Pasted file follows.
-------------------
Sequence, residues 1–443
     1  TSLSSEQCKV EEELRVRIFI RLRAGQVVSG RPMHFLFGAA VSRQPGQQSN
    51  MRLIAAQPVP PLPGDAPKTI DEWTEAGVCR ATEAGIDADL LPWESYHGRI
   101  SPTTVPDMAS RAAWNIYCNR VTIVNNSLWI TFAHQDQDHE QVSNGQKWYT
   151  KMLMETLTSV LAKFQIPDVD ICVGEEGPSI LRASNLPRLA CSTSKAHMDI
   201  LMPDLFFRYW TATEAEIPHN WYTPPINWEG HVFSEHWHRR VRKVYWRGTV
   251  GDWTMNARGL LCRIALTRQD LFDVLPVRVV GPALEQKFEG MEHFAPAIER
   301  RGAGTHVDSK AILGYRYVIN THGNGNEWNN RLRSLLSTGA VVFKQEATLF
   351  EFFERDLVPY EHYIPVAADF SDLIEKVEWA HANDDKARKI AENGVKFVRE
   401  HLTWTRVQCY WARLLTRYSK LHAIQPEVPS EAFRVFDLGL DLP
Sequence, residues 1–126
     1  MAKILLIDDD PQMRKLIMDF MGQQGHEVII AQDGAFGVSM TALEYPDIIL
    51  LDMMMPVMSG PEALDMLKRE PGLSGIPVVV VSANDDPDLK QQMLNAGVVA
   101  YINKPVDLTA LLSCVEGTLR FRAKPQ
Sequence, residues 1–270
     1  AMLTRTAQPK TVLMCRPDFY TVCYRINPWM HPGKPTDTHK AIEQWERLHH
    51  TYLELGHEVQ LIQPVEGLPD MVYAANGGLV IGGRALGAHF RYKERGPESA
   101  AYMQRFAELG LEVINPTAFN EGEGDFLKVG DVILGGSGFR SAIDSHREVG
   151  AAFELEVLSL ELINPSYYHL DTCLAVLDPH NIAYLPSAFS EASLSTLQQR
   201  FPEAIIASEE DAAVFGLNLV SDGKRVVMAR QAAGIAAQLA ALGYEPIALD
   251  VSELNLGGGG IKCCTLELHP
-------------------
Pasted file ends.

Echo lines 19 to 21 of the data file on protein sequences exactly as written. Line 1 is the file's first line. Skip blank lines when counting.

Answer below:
   151  AAFELEVLSL ELINPSYYHL DTCLAVLDPH NIAYLPSAFS EASLSTLQQR
   201  FPEAIIASEE DAAVFGLNLV SDGKRVVMAR QAAGIAAQLA ALGYEPIALD
   251  VSELNLGGGG IKCCTLELHP